Contains Close Numbers

It is another COVID-19 (Wuhan virus) pandemic day. Seems like the stats for Minnesota and Dakota Country, the county I live in, are not increasing out of control. As a matter of fact they might be in a plateau. As we speak Minnesota has 34 total deaths which represents .001% of the population, and Dakota County continues to have 3 deaths which represents .001%. Best wishes that things are getting better where ever you are.

Italy is already talking about different ways to get people back to work. Hopefully they can do it in the near future. The United States will hopefully also get back to normal in a month or two. Failure to get the economy up and running will have very bad repercussions. Let’s continue to keep social distance and slow down new COVID-19 cases.

Regarding my daily routine, not much has changed since the pandemic. I get up every day between 05:00 and 06:00 AM. Fix breakfast and sit down with my wife to consume it. I have been fixing yogurt with fruit and homemade granola and a cup of latte made with a double espresso for each for at least the past 10 years. Do the dishes, shower and go down to my home office.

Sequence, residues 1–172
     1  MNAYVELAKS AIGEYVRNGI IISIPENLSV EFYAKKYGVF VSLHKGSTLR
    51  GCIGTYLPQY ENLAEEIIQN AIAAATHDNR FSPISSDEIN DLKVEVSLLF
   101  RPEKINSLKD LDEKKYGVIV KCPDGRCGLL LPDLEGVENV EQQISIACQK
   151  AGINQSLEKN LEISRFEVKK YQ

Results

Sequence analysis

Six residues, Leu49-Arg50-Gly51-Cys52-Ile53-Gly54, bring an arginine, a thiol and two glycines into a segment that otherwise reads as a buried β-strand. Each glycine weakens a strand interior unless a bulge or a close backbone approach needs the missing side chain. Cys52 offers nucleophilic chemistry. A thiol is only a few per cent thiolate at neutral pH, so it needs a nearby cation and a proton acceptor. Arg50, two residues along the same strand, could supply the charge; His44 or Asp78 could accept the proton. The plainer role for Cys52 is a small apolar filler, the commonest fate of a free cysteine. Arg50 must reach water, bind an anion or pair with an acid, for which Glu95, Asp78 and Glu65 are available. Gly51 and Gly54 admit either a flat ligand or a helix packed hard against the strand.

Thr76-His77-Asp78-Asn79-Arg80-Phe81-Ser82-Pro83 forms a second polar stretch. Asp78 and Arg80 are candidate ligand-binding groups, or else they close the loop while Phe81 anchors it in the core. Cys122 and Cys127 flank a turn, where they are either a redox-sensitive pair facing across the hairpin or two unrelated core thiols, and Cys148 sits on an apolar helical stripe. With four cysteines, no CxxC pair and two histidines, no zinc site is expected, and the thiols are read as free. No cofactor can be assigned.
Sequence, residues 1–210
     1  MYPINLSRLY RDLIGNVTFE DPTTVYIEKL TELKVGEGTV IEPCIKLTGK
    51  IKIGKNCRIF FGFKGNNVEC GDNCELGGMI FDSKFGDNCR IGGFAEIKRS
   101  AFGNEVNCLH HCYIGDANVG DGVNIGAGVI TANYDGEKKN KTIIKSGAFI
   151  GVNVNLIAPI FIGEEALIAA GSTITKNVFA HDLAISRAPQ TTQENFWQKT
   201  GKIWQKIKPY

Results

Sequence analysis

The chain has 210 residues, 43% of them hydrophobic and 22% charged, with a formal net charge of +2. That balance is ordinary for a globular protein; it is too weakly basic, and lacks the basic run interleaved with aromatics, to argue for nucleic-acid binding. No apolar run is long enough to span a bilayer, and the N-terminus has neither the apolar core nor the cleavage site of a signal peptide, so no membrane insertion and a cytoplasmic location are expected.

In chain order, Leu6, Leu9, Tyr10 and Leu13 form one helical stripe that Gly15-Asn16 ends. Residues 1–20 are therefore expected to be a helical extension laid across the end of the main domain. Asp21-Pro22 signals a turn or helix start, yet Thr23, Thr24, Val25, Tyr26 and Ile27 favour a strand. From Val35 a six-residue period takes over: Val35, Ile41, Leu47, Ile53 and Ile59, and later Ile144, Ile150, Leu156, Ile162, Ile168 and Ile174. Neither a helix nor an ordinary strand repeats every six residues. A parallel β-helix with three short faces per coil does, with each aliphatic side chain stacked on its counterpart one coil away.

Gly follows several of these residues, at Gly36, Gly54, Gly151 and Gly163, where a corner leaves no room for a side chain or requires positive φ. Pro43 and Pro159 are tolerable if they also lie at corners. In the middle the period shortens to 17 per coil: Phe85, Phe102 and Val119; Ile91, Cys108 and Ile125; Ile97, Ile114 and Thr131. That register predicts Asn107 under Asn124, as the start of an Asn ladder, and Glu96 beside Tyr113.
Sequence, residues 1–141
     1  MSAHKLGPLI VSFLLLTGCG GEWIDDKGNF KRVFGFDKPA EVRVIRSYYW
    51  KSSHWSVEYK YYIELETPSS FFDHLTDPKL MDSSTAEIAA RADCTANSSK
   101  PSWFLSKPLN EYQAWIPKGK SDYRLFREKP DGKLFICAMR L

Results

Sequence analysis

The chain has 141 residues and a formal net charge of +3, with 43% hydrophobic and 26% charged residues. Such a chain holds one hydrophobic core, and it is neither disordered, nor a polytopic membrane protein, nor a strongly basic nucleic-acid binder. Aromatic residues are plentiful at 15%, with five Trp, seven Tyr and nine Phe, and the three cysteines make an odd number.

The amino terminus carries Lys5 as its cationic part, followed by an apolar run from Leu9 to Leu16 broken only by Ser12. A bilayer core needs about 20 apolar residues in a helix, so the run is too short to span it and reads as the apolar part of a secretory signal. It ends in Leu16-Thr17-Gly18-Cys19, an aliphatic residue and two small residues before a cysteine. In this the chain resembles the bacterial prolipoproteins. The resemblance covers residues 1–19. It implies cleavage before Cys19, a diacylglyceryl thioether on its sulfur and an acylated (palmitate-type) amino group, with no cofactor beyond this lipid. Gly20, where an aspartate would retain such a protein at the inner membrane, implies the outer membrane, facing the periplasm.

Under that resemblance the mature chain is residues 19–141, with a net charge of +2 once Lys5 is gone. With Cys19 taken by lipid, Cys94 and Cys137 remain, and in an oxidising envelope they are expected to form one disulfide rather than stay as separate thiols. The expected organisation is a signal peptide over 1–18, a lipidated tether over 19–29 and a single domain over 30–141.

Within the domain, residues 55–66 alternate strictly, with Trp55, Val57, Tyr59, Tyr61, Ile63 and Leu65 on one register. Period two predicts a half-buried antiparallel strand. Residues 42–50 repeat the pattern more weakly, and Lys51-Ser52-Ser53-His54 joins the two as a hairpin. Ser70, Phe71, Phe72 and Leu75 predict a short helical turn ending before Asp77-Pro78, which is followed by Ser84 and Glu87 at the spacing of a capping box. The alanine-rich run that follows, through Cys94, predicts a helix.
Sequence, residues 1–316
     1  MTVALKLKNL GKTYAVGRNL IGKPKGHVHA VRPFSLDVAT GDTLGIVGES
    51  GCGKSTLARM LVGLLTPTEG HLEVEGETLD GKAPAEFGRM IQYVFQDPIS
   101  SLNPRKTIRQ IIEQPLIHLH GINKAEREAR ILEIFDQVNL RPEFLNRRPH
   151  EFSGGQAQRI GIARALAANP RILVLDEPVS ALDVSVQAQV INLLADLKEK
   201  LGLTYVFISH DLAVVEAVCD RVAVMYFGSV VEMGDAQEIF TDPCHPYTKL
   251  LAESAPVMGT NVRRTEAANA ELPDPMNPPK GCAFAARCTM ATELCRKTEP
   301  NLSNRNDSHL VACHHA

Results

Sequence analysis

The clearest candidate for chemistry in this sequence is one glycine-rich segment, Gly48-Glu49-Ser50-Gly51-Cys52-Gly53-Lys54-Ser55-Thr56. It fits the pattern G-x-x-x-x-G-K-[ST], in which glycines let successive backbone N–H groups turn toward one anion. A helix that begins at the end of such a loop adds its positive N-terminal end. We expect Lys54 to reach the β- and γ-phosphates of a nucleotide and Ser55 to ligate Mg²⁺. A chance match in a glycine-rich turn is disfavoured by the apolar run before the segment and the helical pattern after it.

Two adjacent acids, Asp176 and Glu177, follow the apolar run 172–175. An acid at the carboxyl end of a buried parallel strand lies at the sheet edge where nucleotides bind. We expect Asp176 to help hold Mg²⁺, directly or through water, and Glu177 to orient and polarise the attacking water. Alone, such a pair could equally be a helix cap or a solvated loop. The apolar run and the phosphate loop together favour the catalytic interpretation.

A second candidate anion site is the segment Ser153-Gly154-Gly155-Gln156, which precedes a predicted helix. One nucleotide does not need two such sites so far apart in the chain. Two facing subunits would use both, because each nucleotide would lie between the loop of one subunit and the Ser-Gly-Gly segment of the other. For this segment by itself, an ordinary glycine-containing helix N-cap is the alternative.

As you might know I work in two-hour blocks. At the end of each block I take a 15-minute break. I walk, have water or tea, talk with my wife and head back to my office. I use a modified / adapted Deep Work technique. Now that the days are starting to get warmer, for the afternoon break my wife and I walk outside. We try keeping social distance but we seldom run into other people. The area we live in is not densely populated. It turns out that on average we see more wild life than humans. Considering the times we are living in, that is a good situation to be in.